WATCH: The week that was - from a small-town boy making it with his self-publishing firm to a startup that can fix your posture
Let’s kick-start this weekend with the story of KhataBook.
Digital ledger app KhataBook, with its apt tagline ‘Digital India ka Digital Khata’, took wings from an idea during a meeting at digital spend manager company Kyte.ai. Back in 2016, Ravish Naresh, along with his team of college friends, started Kyte.ai, a digital spend manger app. They wanted to help their users understand their expense pattern using their SMS alerts. As digital transactions happen along with SMS alerts, they felt it was a good entry point to make sense of users’ financial state.
Watch the video wrap up where we get into the stories that caught our interest this week:
Kyte had initial good traction and user reviews, but the team realised that something was amiss. Their intelligent SMS inbox did not reach their expected growth scale. They figured that all their users were based out of metropolitan cities.
“The new market that is coming online, thanks to Jio, is completely outside of metro cities and deals in cash. So digital transaction or spend manager was not making a huge difference for them,” says Ravish.
Digging deeper, they found that the first-time online users did not deal in digital transactions. They were still relying on traditional khata, or ledger book. That is when the idea for KhataBook materialised for the Kyte team.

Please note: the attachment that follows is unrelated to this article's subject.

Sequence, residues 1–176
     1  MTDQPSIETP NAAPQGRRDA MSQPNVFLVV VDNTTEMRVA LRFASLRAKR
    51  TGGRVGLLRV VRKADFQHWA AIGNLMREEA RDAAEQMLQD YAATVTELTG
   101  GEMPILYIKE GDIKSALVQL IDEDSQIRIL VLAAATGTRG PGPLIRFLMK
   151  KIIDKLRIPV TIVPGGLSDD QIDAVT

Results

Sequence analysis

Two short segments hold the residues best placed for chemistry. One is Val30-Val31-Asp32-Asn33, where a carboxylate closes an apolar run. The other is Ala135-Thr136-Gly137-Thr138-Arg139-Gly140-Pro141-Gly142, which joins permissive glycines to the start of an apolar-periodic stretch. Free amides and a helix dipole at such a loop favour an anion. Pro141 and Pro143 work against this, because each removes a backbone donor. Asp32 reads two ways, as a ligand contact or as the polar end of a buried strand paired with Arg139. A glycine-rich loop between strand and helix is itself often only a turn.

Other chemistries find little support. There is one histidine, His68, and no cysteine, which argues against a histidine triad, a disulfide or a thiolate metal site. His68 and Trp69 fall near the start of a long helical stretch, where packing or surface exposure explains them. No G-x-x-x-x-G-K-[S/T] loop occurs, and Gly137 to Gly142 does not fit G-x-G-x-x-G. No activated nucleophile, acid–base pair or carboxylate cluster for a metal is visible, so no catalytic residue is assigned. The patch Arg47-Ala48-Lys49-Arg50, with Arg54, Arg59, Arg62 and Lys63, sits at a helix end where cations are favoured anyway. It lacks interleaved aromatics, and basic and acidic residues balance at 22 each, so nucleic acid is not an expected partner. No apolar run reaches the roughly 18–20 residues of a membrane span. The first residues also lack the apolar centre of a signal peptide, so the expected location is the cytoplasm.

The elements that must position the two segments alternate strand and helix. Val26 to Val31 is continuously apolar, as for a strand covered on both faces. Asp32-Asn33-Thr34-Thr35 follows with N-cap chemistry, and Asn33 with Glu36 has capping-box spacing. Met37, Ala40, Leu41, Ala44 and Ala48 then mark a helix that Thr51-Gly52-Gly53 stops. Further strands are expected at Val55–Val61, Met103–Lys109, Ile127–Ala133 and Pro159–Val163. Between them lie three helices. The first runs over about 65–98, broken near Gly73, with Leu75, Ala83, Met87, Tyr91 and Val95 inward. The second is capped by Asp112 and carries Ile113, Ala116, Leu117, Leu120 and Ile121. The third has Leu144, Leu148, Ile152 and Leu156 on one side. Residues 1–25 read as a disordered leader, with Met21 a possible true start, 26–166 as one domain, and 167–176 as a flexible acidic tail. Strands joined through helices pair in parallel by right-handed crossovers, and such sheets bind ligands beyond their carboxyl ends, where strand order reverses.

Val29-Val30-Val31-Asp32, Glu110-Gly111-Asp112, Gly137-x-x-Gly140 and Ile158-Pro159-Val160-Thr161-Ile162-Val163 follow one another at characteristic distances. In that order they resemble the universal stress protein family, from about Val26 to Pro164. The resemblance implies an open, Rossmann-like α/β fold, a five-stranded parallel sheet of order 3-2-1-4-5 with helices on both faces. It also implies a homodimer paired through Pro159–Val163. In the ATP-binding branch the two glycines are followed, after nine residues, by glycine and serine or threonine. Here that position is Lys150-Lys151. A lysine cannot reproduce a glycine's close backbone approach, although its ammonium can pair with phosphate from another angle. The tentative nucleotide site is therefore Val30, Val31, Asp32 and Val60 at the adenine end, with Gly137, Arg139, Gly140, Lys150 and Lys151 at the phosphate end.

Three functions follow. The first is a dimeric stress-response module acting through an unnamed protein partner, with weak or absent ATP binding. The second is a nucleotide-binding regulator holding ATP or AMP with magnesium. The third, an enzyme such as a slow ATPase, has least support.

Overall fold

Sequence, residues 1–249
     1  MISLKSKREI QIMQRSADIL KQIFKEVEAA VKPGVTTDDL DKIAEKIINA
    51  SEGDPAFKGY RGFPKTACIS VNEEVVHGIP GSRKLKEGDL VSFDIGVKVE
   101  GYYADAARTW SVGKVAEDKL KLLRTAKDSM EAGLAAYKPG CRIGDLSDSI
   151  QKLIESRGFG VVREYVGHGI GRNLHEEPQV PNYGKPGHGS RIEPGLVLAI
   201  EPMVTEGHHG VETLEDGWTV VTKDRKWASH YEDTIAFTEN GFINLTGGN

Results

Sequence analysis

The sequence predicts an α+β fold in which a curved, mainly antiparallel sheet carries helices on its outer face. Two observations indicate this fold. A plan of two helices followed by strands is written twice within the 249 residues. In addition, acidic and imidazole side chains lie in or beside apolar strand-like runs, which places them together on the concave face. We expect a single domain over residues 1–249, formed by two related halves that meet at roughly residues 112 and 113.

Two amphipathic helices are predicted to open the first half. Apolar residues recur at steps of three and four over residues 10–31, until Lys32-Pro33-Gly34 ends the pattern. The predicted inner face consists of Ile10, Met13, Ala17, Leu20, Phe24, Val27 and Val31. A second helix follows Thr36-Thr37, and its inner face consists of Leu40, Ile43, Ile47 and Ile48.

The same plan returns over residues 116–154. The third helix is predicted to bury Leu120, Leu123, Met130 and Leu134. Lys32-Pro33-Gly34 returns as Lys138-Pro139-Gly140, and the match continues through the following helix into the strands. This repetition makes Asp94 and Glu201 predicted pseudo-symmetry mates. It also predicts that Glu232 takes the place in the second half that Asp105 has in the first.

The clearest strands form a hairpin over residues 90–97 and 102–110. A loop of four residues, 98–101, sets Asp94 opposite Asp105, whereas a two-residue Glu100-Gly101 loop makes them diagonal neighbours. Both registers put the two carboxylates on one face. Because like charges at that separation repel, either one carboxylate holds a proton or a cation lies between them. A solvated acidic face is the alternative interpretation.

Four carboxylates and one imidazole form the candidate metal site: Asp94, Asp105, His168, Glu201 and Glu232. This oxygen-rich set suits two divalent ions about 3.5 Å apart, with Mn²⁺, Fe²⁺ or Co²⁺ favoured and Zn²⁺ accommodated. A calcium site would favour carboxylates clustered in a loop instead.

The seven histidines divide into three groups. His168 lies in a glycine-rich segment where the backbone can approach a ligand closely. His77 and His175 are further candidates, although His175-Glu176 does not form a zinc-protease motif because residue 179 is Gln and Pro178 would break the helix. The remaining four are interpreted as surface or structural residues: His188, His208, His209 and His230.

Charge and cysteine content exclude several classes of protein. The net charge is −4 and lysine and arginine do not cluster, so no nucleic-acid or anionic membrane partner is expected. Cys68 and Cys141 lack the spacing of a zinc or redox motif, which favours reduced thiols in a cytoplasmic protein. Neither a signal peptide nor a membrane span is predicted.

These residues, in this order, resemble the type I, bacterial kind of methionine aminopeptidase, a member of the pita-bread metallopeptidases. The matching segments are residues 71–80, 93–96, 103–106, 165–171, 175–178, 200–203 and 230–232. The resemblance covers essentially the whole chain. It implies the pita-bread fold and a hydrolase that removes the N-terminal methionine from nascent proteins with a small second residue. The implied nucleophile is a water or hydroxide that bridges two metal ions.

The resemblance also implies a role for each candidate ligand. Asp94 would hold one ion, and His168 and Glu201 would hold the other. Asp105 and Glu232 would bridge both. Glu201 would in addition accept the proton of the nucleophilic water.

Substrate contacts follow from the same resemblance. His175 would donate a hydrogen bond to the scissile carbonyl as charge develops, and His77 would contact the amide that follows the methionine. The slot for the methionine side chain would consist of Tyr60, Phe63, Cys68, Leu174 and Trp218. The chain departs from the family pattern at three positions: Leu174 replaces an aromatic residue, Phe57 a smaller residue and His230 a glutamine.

We love our engineers and every week, our Techie Tuesdays column brings you the story of an engineer who is shaping the future at India.
From building patented tech during an internship at Adobe to starting up Shadowfax, here’s Vaibhav Khandelwal’s journey in this week’s Techie Tuesdays column. He talks about how his love for coding began at a young age, the realisation of the impact it could create, and how he built the B2B on-demand delivery startup.
As Co-founder and CTO of B2B on-demand delivery startup Shadowfax, Vaibhav Khandelwal now codes only during the weekends. But his journey began by coding 24/7. He has since then helped found and build Shadowfax, an on-demand last-mile logistics network that offers tech-enabled, one-stop delivery solutions.